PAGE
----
Hey, you can’t grow in Christ unless two things are true about you. One is you are constantly dealing with sin in your life. Two is you are continually pursuing being like Christ. Both are a part of the sanctification process by the power of the Spirit–flee sin and pursue Christ, that is how you grow.
When churches are filled with people who pretend they don’t sin–when the majority of a church body doesn’t talk about their sin, confess their sins, ask for prayer over sin struggles or forgive each other when they sin against each other, then that church is playing church. They are not living by the Gospel and they are more concerned about image than integrity.
How many here battled with sin this week? Since we are all in the same battle, let’s help each other. The true Church is made up of redeemed sinners who confess their sins to each other, forgive each other and help each other overcome sin in their lives. Veterans know that when you go out to battle, you never go alone. Never face an enemy army on your own.
God knows that too. Remember the armor of God was never intended for the individual Christian but for the corporate local church. All the armor listed in Ephesians 6 is in the plural. It is not intended for the individual Christian but for the local church–we together are to put on our armor. We pull together as a family. And let’s be honest–we have a problem today in Christian circles. With all this emphasis on the family, we have begun to think of marriage and parenting and the home apart from the Church.
Let me make this clear as a true Christian–whenever you hear the family taught with no mention of the Church it is wrong. Mom and Dad do not have all the spiritual gifts. God did not design the family unit to grow on its own. God did not intend marriages to mature independently. God didn’t plan parenting to occur independent of the Church. Parents can’t fulfill Ephesians 6:4 if it’s not in the context of the local church, since the letter is written to a local church, and Ephesians 6:4 belongs in the context of the entire letter.
Put on your biblical glasses on friends. Whenever you hear about marriage or parenting apart from the local church, they are trying to tell you to swim without water. When they talk of the family as an independent unit without mentioning the Church, they have adulterated the Word of God. How many New Testament verses are dedicated specifically to parenting—two. How many New Testament verses are dedicated to a healthy local church—thousands. Biblical parenting outside the local church is not biblical. Christian parenting independent of the local church isn’t Christian—period.
The church is a family of families, including and honoring singles, widows, children, youth, broken families, but a family of families. God has called us to be as committed to one another as we are family.
#4 The Church is a service community
If you are a Christian, you have a spiritual giftedness–a special combination of supernatural abilities which allow you to put Jesus Christ on display as you serve one another in the Church body. Listen to 1 Peter 4:10, “As each one has received a special gift, employ it in serving one another, as good stewards of the manifold grace of God.” And 1 Corinthians 12:7, “But to each one is given the manifestation of the Spirit for the common good.”
Notice what God is telling us in these two verses:
1 Every single Christian has a special giftedness–“as each one”
2 Gifts are assigned by God—“has received,” “is given”
3 Gifts are for service to other Christians in the church—“employ it in serving one another,” “for the common good”
4 Gifts are a picture of who God is—“to each other,” “the manifestation of the Spirit,” “manifold grace of God”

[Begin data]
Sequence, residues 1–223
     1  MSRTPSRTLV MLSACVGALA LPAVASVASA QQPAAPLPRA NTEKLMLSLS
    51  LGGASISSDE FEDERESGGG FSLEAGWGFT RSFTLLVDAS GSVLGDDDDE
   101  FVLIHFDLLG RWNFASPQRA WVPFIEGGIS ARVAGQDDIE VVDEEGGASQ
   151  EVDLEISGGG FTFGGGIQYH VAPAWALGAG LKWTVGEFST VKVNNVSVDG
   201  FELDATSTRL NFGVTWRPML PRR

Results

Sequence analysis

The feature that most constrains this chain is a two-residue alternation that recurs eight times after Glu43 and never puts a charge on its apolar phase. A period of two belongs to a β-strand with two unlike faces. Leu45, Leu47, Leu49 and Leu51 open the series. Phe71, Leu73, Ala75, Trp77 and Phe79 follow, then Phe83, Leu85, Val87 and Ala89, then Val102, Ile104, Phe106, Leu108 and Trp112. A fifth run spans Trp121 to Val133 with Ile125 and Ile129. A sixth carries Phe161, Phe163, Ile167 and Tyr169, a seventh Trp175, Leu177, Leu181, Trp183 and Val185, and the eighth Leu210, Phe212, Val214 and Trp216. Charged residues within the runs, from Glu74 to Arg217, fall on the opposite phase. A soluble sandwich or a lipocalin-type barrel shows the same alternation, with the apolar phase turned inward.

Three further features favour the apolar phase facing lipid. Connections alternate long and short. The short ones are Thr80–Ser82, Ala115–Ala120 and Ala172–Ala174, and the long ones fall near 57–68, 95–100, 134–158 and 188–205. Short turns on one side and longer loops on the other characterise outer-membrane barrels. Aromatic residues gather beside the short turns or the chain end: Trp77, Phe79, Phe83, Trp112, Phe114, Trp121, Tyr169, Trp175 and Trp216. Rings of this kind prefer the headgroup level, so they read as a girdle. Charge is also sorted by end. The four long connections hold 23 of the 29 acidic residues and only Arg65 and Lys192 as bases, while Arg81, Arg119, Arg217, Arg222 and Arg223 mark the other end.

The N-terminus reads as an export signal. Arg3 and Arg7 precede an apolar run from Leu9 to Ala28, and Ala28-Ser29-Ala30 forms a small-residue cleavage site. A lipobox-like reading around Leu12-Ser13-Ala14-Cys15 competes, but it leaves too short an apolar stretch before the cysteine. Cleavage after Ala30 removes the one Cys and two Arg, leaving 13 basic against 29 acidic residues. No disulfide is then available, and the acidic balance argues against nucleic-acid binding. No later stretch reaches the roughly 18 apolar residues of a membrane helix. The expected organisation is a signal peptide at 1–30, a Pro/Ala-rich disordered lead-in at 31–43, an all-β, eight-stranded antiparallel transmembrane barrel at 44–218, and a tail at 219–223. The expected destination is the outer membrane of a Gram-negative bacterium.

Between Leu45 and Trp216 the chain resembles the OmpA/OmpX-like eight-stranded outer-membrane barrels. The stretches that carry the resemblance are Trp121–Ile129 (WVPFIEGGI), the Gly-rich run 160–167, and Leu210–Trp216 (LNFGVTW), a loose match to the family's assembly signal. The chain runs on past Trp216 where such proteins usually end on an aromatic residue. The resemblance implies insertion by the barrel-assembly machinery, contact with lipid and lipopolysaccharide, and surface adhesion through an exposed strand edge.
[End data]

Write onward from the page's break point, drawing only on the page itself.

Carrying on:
Now put on your new glasses–this means . . .
First The true Church is not a spectator event
Whenever you go to a sporting event there are always three kinds of people present
1 Those who make things happen
2 Those who watch things happen
3 Those who don’t know what is happening
In the real Church there are no spectators, only participants. There is no unemployment in the Kingdom of God–everyone has a job to do. Again, if you are healing from another situation, we welcome you at FBC, but you can’t remain broken. Don’t come to FBC if you’ve decided to permanently watch from the stands. That’s not what God intended.
Second The true Church focuses on spiritual strengths
There are two kinds of coaches–those that see how athletes can grow and those who only see their weaknesses. There are two kinds of teachers–those who help their students love to learn and those who wonder why their students are so dumb. There are two kinds of churchgoers–those who see the strengths of others in the church wanting only to be impacted by their Christ-like gifts and those who mostly see the weaknesses of others wishing others would be more like them. Which kind are you?
A church is either filled with people who see how great it is to be around others with such wonderful Christ-like strengths, or filled with people who only look at the weaknesses, shortcomings and sins of others. The Corinthian church had the wrong focus. That’s why Paul said in 1 Corinthians 12:21, “The eye cannot say to the hand, ‘I have no need of you’; or again the head to the feet, ‘I have no need of you.’” Why not? Verse 25 says, “That there should be no division in the body, but that the members should have the same care for one another.”
A hummingbird finds a flower in the desert because that is what it’s looking for. A vulture finds a carcass in the desert because that’s what it’s looking for. At church, what are you looking for a flower or a dead carcass?
As I look around the room, I can tell you by name the incredible gifts I’ve experienced through your lives. There’s mercy, wisdom, teaching, giving, service, and helps. The church is to be made up of livers who think the eyes are awesome, and legs that really appreciate the hands, and ears who like the fingers too, noses who like lips, toes who appreciate knee caps, arm pits that like teeth, hairs that like tongues. We are all different, but each of us gives the rest of us a better picture of Christ.